Q.6 What do you mean by multilevel association rules ? Discuss different variations to this approach.
Ans. Association rules generated from mining data at multiple levels of abstraction are called multiple-level or multilevel association rules. Multilevel association rules can be mined efficiently using concept hierarchies under a support-confidence framework. In general, a top-down strategy is employed, where counts are accumulated for the calculation of frequent itemsets at each concept level, starting at the concept level 1 and working downward in the hierarchy toward the more specific concept levels, until no more itemsets can be found. For each level, any algorithm for discover frequent itemsets may be used, such as Apriori or its variations. There are different of variations to this approach, where each variation involves “playing" with support threshold in a slightly different way. Some are described below -
(i) Uniform Support – The same minimum support used when mining at each level of abstraction. In fig.1, a minimum threshold of 5% is used throughout. Both “computer and laptop computer are found to be frequent, while “desktop computer” is not.
Fig. 1 Multilevel Mining with Uniform Support
When a uniform minimum support threshold is used, the search procedure is simplified. The method is also simple in that users are required to specify only one minimum support threshold. An Apriori-like optimization technique can be adopted, based on the knowledge that an ancestor is a superset of its descendants. The search avoids examining itemsets containing any item whose ancestors do not have minimum support.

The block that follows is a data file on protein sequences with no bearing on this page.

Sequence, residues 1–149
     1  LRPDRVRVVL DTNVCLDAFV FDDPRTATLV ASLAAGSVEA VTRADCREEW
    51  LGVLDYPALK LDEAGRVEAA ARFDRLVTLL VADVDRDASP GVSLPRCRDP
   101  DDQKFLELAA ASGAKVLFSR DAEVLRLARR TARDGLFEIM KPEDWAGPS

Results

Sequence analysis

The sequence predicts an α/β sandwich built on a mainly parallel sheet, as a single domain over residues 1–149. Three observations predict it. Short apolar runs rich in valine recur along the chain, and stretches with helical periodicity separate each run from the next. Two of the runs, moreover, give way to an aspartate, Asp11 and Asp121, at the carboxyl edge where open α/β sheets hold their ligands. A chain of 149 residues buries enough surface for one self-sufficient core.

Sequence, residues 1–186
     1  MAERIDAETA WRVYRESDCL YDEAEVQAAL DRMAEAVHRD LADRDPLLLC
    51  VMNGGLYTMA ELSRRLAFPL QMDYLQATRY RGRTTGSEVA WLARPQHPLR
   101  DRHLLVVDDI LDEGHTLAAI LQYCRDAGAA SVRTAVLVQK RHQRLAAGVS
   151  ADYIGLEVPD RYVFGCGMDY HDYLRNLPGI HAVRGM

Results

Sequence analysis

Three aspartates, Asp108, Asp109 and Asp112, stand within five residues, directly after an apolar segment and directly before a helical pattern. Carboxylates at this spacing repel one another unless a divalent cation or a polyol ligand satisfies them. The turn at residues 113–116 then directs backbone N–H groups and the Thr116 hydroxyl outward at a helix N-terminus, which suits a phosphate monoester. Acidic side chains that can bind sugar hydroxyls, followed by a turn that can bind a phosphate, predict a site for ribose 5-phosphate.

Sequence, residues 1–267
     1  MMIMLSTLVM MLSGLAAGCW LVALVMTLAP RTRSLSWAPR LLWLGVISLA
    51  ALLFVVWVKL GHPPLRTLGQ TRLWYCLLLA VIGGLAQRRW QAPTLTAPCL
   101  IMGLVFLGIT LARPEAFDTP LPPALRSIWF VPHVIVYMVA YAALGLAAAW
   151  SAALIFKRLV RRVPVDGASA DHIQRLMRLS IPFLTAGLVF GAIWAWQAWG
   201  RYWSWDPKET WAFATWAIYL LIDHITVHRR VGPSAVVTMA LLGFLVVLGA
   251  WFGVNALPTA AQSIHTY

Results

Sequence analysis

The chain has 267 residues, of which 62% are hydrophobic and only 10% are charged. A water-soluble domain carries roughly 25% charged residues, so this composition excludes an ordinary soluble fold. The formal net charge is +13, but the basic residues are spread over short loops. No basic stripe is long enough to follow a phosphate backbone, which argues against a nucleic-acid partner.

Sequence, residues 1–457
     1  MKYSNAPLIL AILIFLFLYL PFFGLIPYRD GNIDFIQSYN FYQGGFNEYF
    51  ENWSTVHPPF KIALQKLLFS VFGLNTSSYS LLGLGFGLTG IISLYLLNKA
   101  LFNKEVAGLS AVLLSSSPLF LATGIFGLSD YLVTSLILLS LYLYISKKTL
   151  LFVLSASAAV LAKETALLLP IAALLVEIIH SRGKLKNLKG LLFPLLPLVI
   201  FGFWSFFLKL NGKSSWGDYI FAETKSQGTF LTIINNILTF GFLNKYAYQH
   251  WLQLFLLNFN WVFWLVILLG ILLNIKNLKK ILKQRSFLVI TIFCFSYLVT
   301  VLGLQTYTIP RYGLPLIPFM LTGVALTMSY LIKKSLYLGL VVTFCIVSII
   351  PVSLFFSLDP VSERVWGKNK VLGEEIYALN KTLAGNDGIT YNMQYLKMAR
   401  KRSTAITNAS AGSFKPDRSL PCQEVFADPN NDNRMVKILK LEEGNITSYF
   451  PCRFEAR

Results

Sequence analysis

The uniform support approach, however, has some difficulties. It is unlikely that items at lower levels of abstraction will occur as frequently as those at higher levels of abstraction. If the minimum support threshold is set too high, it could miss some meaningful associations occurring at low abstraction levels. If the threshold is set too low, it may generate mally uninteresting associations occurring at high abstraction levels.
(ii) Reduced Support - Each level of abstraction has its own minimum support threshold. The deeper the level of abstract ion, the smaller the corresponding threshold is. For example, in fig. 2, the minimum support thresholds for levels 1 and 2 are 5% and 3%, respectively. In this way, “computer" “laptop computer” and “desktop computer" are all considered frequent.
Fig. Multilevel Mining with Reduced Support
(iii) Group-based Support - Because users or experts often have insight as to which groups are more important than others, it is sometimes more desirable to set up user-specific, item, or group-based minimal support thresholds when mining multilevel rules. For example, a user could set up the minimum support thresholds based on product price, or on items of interest, such as by setting particularly low support thresholds for laptop computers and flash drives in order to pay particular attention to the association patterns containing items in these categories.